“I'm doing this as a favor to Andy's parents. I just want to ask you a few questions and confirm what the police probably already know,” Dave said.
“Okay, go on,” she said, not looking at Dave directly.
“You were the last person to see Andy alive on the night he disappeared. What did you talk about?”
“I met Andy at the Bergheim for a drink at around 11 PM. I wanted to break up with him, once and for all. He looked tired and very pale. He seemed worried and sad so I didn't have the heart to tell him that night,” she said mechanically as if she had memorized her lines.
“Did he look like he was high or drunk? Dave asked.
“Andy? Not likely. He wasn't into drugs. Maybe a little weed but nothing stronger. As for drinking, one beer would put him under the table. We chatted for about 20 minutes, and then he left, saying he was tired. That was the last time I saw him, she replied, with a hint of tenderness in her voice.
“And that was it?”
“Yes, but you know, I found it odd that Andy paid for the tab. Andy rarely paid for anything, and his wallet was full of Euros. I asked where he got the money, but he said it was a long story,” she added, inhaling her cigarette deeply into lungs.
“And you told the police about the money?”
“I'm not sure. There was so much going on at the time. I was in a daze. I may have forgot. I don't remember, she added restlessly.
Something in her manner made Dave think there was more. “I'm not the police. I'm here at the request of Andy's parents. They want some closure. They just want to know what happened to their son. You're going to be a parent soon. You can image what's going on in their minds,” Dave said.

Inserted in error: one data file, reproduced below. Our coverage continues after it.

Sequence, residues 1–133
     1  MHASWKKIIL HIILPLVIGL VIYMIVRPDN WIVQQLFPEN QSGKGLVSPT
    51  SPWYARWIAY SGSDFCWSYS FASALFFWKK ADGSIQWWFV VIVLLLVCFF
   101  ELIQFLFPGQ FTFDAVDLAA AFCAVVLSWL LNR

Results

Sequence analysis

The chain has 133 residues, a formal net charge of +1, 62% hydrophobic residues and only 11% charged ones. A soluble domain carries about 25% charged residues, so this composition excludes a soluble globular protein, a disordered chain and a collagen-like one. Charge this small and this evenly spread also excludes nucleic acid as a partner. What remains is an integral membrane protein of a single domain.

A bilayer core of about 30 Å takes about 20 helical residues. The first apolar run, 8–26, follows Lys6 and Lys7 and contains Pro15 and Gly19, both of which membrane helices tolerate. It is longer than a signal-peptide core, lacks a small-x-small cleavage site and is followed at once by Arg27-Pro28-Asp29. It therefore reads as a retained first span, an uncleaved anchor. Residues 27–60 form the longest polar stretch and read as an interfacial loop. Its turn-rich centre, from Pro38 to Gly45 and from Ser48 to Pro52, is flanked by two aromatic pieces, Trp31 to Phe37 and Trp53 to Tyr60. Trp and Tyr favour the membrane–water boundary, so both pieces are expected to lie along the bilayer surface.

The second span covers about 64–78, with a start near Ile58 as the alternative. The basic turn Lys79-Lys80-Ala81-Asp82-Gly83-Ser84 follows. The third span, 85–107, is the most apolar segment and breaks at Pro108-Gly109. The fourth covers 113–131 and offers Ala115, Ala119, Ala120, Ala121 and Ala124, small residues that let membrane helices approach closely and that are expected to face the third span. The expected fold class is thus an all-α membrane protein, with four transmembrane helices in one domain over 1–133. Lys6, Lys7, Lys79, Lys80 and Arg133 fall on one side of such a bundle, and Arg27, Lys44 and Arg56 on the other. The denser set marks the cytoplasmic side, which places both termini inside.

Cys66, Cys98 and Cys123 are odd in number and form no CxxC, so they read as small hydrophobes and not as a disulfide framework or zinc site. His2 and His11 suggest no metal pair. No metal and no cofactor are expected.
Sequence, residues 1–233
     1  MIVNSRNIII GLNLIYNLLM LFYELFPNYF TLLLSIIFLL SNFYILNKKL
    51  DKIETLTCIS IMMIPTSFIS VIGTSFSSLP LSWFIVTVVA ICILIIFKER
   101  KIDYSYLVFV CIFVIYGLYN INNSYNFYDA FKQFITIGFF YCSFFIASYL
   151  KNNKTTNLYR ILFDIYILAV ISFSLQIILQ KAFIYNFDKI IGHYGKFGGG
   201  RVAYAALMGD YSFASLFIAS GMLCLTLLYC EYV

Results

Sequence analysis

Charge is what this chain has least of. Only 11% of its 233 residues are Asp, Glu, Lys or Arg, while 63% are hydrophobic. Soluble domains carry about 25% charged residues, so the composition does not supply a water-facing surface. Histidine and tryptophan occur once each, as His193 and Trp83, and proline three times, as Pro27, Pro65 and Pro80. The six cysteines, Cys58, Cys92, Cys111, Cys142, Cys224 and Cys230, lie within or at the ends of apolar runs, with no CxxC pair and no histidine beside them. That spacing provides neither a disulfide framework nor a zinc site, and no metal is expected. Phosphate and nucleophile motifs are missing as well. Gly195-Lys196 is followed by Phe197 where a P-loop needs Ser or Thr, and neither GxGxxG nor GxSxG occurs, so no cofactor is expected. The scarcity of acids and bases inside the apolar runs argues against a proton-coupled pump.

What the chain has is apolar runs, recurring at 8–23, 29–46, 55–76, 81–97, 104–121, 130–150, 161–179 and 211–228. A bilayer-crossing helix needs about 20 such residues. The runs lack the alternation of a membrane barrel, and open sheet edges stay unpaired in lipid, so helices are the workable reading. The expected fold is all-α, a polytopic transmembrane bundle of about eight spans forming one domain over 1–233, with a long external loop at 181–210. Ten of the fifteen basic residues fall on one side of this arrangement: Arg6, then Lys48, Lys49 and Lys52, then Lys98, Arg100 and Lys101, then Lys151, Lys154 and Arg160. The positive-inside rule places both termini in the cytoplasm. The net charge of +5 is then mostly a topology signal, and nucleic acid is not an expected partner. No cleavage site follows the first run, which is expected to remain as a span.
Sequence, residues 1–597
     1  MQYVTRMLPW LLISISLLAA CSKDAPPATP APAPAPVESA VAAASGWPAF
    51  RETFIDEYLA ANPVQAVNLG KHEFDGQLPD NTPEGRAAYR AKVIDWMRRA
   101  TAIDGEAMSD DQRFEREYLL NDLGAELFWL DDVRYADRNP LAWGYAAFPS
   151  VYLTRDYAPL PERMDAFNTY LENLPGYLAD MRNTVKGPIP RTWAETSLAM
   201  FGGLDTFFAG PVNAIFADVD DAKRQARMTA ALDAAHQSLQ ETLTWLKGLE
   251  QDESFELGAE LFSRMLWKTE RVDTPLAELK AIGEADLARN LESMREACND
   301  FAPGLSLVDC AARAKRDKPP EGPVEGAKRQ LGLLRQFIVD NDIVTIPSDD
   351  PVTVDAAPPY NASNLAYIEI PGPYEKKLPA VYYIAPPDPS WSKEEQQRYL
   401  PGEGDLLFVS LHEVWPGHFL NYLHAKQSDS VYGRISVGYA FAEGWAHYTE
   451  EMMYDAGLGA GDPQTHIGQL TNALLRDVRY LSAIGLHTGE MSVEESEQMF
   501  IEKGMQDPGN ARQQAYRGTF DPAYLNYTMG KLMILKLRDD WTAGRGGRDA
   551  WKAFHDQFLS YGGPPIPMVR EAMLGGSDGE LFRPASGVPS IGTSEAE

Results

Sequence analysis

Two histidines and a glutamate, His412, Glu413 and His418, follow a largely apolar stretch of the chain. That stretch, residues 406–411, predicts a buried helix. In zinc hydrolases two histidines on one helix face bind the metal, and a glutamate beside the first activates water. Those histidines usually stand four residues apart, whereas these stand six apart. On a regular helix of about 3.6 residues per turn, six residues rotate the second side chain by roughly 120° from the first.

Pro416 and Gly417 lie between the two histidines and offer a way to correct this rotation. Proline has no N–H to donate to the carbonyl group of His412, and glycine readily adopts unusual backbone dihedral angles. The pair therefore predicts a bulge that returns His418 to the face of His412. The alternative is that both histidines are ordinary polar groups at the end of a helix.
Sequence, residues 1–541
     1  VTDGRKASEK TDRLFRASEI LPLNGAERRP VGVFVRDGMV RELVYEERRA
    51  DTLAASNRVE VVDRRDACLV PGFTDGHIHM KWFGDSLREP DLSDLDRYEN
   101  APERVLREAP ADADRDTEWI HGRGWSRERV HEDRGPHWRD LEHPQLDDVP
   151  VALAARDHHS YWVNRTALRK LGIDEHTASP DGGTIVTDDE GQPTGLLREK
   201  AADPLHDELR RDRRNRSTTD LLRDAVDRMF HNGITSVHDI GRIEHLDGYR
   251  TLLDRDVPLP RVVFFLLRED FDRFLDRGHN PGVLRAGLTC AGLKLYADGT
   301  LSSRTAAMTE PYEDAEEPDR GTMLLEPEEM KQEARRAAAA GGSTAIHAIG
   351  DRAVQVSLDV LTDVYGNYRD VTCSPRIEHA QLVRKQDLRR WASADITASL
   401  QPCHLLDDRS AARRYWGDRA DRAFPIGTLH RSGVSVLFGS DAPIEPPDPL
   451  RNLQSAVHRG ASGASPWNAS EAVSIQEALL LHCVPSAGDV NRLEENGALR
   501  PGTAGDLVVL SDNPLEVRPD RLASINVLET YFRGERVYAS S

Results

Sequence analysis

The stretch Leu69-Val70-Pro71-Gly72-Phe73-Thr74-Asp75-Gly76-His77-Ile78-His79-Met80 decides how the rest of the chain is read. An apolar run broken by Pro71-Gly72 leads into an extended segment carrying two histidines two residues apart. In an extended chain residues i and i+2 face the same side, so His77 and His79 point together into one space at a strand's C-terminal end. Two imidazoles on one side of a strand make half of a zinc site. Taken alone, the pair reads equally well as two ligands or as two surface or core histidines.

Hannah fidgeted. She looked apprehensive. She wanted to say something, but couldn't. “Hannah, I know you want to tell me something. What is it? There's nothing to be afraid of.”
“It's not that easy. So much time has passed. Andy was desperate for money. He'd been out of work for awhile and owed people a lot of money. Not nice people, she added.
“Loan sharks?” Dave queried.
“Yes. I told Andy I knew a place where he could get money fast. No questions. I never dreamed he would take me seriously, but when I saw him that night. I knew he had done it. He didn't have to tell me,” she said.
Her lip quivered and she said quietly, “He sold a kidney. There's an underground market for such things.”
Dave was stunned. He didn't know what to say. “Why didn't you tell the police?”
“I was afraid. I felt responsible in a way. Plus, they say this organization is run by the Russian Mafia. You don't want to get involved with them. Then I heard rumors that sometimes, when a rich client offers enough, they snatch someone they know who isn't too connected, and take vital organs. And then the person just disappears and no one knows. So ever since he vanished, I can't help but think.... But of course it's foolish,” she added. But Dave could see in her face she didn't think it was foolish at all.
“Aren't you concerned that I'll go to the police with this new information,” Dave asked.
“I'll deny everything. I'm not getting me and my baby involved with those people. Now, I recommend that you drop this too. Taking a life means nothing to the Mafia. Now, I've said enough. I need to go. We needn't meet again,” she said as she rose from the table.
A few weeks later, standing before a well-manicured house on a leafy canopied street in a posh section of Potsdam, Dave couldn't believe this was the address he'd been given. He had expected a warehouse or a grungy tenement, but this was upscale. It had taken some persuading, but Hannah had told him how to get in touch with the organ buyers. Posing as a prospective donor had brought him this far. His hand trembled as he reached up and pressed the bell. He waited. The door opened and standing before him was Hauptkommissar Peters.